Alexandra Silocea: Sound Waves

Silocea follows Prokofiev with pianistic visions of nature

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AV2266. Alexandra Silocea: Sound WavesAlexandra Silocea: Sound Waves

Alexandra Silocea: Sound Waves

  • Eärendil, the Mariner
  • (L') Isle joyeuse
  • (6) Images, Reflets dans l'eau
  • (6) Images, Poissons d'or
  • Jeux d'eau
  • Années de pèlerinage année 3, Les jeux d'eau à la Villa d'Este
  • Variations on 'Weinen, Klagen, Sorgen, Zagen' (Bach)
  • Nuages gris
  • Années de pèlerinage année 1: Suisse, Orage
  • (6) Müllerlieder, 'Mélodies favorites' (Schube, No. 2, Der Müller und der Bach

A distinctive 2011 CD containing Prokofiev’s first five sonatas (7/11) garnered positive attention for the Romanian pianist Alexandra Silocea, whose follow-up solo release ‘Sound Waves’ offers an equally stimulating though very different kind of programme. Here she presents pieces that represent myriad aspects of nature, from clouds, storms and rays of sunlight to bodies of water ranging from a calm lake and a goldfish bowl to violent ocean waves and decorative fountains. As it happens, Silocea proves to be as good a pianist as she is a programme-builder and her playing offers much to savour, especially in the Liszt selections. ‘Les jeux d’eau à la Villa d’Este’ and the Weinen, Klagen Variations achieve a satisfying fusion of power, suppleness and breadth. Silocea shapes the relentless octaves of ‘Orage’ with melodic cogency rather than banging them out, finds a wider dynamic and colouristic scope to Nuages gris than its stark keyboard-writing reveals on the printed page, and contours the ‘Der Müller und der Bach’ transcription’s melody/accompaniment in a way that suggests longtime familiarity with Schubert’s original song.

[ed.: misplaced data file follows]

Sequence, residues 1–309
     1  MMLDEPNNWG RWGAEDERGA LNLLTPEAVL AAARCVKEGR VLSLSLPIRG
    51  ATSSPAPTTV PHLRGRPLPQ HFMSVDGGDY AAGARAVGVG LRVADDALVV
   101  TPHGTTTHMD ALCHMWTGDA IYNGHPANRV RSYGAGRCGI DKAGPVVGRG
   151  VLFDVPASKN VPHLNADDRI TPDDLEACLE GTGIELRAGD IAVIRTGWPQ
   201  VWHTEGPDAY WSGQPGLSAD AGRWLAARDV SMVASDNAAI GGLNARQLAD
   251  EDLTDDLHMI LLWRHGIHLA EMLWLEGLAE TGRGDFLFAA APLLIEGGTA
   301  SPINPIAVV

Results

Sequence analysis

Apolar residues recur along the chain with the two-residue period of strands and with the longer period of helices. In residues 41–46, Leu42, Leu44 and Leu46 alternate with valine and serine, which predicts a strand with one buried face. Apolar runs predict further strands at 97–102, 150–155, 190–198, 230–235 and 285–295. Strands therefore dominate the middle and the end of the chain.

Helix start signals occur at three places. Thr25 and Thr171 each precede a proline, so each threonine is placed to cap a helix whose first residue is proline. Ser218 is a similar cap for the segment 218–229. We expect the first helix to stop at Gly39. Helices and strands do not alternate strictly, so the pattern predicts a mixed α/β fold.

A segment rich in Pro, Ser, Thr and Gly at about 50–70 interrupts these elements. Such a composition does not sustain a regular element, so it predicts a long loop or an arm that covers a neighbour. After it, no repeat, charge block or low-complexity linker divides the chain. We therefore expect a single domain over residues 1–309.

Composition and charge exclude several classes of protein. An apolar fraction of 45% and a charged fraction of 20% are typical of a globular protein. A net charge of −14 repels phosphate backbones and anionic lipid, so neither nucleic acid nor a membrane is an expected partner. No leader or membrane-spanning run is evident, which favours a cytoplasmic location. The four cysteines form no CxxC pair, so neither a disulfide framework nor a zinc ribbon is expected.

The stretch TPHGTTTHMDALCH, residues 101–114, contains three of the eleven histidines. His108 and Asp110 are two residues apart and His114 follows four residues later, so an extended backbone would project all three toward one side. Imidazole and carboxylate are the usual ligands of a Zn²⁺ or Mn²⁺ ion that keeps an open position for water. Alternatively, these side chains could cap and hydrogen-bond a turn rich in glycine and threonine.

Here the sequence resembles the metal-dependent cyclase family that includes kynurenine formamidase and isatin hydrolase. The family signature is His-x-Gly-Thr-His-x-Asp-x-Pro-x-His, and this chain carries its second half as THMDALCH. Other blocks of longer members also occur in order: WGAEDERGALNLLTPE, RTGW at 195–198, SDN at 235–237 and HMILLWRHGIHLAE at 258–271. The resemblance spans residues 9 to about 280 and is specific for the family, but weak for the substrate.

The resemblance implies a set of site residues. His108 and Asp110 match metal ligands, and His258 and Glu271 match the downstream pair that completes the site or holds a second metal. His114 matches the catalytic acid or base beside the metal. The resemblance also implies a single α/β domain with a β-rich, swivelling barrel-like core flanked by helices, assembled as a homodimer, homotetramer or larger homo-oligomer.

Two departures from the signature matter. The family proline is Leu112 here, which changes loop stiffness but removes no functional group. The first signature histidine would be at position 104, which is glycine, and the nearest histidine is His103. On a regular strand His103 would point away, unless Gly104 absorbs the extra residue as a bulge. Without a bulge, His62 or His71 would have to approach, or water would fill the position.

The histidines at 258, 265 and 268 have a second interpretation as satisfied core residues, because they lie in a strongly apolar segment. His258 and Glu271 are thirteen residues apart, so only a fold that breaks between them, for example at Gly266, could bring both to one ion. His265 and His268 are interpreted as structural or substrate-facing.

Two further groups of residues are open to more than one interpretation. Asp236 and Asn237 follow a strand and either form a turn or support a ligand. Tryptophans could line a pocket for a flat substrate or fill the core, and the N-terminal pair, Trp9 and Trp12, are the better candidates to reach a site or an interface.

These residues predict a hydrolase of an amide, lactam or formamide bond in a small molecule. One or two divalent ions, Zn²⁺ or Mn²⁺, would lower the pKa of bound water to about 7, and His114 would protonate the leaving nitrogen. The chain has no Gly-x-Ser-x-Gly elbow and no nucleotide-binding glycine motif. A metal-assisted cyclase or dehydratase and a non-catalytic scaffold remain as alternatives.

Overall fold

One might imagine more delicacy and lightness in Ravel’s Jeux d’eau or less cautious arpeggios in Debussy’s ‘Reflets dans l’eau’, yet the characterful energy Silocea brings to ‘Poissons d’or’ and L’isle joyeuse more than compensate. The opening selection, Eärendil by the Norwegian composer Martin Romberg, borrows from its impressionistic antecedents, seasoned with modal tinges that wouldn’t be out of place in late Puccini, plus a hint of Hindemith’s pan-tonality. In all, an attractive and well-recorded programme.

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